The publicity copy for Hardin’s memoir promises a hilarious retelling of “her descent from football mother to opioid addict to prison shooter.” But when she parked outside the Santa Cruz County Jail, the creepy octagonal building in which she took her own life, the landscape was decidedly closer to Law and Order than Real Housewives. Even the rosebush, where Hardin once had the privilege of pruning, looked devastated. Green signs attached to walls and fences warned that “unauthorized communication with prison inmates is illegal.”
Hardin survived imprisonment by giving her voice. She began writing legal and personal correspondence to her fellow inmates, in addition to essays, poems, and short stories. “I’m afraid she’ll get into trouble by pretending to be someone else,” she wrote of the sideline, nicknamed Mama Love. “I didn’t realize yet that what I was doing was cultivating the superpower of the great ghostwriter: empathy.”
But the hardest part was yet to come. After serving time, Hardin had to tick boxes to indicate he had a criminal record and learned how difficult it was to find work and housing.
“We believe that more than two million people are currently in prison paying for their crimes,” Hardin said in a 2019 TEDx talk. “What many of them don’t realize is that they will pay for the crime for the rest of their lives.”
Hardin found a part-time assistant job at Idea Architects, a literary agency founded by Tutu and Mandela’s agent, Doug Abrams, the same week she applied for food stamps. He never checked her references.
“If asked, I am committed to revealing my background, but if not, I will not voluntarily provide information,” Hardin wrote. “It’s a don’t ask, don’t tell policy, but I still feel comfortable with my strict honesty policy.”
Abrams said he felt Hardin was “going through a rough time” but was immediately impressed by her talent. At her friend’s suggestion, he searched her name on the Internet.Article santa cruz sentinel She described Hardin and her second husband as “neighbours from hell.”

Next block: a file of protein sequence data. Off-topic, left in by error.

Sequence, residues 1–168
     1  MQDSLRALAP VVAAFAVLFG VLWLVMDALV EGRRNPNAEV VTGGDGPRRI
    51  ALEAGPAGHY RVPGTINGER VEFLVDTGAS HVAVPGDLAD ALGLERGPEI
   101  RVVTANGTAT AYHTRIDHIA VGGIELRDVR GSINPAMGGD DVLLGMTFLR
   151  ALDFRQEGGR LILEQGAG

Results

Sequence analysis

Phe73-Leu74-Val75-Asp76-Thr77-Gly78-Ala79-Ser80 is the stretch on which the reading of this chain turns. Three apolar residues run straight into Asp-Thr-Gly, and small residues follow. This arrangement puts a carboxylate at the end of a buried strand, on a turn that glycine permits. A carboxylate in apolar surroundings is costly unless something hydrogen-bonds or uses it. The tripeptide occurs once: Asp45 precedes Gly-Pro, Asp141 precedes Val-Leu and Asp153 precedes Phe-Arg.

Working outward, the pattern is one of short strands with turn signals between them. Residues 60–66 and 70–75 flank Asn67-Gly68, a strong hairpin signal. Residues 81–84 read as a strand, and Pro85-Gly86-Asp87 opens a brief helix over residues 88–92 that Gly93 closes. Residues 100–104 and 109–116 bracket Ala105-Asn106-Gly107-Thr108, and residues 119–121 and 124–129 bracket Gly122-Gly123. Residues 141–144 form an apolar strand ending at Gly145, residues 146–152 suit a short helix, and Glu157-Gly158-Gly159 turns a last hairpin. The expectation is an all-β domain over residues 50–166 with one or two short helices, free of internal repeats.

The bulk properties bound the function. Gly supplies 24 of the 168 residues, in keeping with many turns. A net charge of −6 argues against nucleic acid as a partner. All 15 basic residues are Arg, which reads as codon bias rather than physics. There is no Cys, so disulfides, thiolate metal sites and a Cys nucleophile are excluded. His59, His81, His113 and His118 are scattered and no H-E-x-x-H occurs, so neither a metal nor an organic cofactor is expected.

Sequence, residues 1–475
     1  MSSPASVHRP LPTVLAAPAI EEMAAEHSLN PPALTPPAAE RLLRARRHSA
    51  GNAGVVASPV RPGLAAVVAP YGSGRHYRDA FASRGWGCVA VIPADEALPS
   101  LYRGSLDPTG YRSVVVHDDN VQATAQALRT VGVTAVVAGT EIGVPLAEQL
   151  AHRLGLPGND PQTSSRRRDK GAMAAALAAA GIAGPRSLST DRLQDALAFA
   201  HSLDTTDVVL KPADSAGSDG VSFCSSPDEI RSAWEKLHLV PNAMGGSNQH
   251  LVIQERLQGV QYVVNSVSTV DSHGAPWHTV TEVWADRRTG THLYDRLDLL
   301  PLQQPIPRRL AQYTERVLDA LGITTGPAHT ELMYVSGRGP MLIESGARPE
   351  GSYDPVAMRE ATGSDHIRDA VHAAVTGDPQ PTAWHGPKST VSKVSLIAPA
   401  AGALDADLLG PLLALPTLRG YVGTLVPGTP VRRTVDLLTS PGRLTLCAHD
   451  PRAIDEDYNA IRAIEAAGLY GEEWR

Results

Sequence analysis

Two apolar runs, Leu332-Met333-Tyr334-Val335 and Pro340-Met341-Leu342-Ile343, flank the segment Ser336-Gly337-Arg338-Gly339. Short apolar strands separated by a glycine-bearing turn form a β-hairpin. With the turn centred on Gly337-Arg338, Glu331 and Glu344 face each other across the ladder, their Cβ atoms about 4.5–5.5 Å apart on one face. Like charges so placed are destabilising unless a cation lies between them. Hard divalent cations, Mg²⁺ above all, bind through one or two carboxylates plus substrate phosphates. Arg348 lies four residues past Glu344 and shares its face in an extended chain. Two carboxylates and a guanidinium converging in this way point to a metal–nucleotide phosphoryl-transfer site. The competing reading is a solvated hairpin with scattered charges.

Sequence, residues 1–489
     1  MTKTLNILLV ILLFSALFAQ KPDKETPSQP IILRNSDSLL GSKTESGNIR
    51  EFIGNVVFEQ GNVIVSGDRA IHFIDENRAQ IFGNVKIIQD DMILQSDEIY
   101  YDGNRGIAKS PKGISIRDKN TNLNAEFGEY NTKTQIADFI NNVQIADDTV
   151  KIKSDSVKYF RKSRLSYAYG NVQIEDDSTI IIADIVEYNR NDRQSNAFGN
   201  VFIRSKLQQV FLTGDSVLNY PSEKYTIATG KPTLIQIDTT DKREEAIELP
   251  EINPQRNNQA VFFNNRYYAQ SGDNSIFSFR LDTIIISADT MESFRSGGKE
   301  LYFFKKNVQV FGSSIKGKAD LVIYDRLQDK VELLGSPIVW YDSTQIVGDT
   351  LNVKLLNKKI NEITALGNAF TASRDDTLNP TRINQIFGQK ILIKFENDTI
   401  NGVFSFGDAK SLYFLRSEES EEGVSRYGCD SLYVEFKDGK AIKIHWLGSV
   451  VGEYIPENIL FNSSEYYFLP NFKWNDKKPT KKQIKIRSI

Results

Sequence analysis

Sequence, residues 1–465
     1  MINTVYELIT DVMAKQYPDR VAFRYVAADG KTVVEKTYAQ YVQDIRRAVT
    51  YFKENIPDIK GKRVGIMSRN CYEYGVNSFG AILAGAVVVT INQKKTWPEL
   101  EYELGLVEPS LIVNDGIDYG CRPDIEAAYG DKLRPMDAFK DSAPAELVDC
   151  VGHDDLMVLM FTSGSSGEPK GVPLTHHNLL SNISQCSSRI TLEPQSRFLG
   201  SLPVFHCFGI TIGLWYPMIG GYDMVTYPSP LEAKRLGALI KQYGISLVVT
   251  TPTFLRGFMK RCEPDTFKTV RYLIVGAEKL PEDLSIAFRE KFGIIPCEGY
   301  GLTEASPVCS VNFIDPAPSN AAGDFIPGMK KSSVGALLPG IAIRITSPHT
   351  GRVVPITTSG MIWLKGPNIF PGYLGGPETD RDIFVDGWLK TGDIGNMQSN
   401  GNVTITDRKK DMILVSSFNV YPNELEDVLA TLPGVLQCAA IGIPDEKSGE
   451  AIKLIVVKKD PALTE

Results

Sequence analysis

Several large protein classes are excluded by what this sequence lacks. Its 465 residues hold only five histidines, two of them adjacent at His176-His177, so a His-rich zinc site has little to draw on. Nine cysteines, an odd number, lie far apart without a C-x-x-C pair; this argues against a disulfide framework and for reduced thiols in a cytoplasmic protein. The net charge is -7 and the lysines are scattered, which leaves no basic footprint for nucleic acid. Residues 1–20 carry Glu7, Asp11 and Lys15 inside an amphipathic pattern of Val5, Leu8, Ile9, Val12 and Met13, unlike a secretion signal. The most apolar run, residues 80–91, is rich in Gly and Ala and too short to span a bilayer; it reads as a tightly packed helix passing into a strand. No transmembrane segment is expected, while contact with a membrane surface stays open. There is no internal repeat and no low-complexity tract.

“He’s just hired to help run the company and help with banking and accounting,” Abrams said. He was working from his home office. His children were on the premises. He was (understandably) worried.
Abrams called Cynthia Chase, director of the re-entry program Hardin completed before he was released from prison.
“Doug said, ‘Can you guarantee that she won’t relapse?'” I said no. Anyone who says yes is lying. That’s not how recovery works,” Chase said in a phone interview. She is now Hardin’s partner at the Gemma Project, a nonprofit that helps incarcerated women reintegrate into society. “All I can say is that Lara has a lot to lose, unlike the average person who leaves town.”
After “Dark Night of the Soul,” Abrams kept Hardin on the payroll for 12 years, which he considers one of the best decisions he’s ever made. She eventually became co-CEO.
“Her identity theft crime was also her identity translation superpower.
Anthony Ray Hinton teamed up with Hardin to write the best-selling Oprah-supporting memoir The Sun Does Shine, which chronicled decades incarcerated in Alabama for three innocent murders.
“It’s been so much easier to tell Lara things I’ve never told anyone before,” he said in a phone interview. “Every time I cried, Lara stopped and said, ‘Wait a minute.’ Let’s take a moment.’ She didn’t rush me back. That’s when I knew this person was a kind soul.”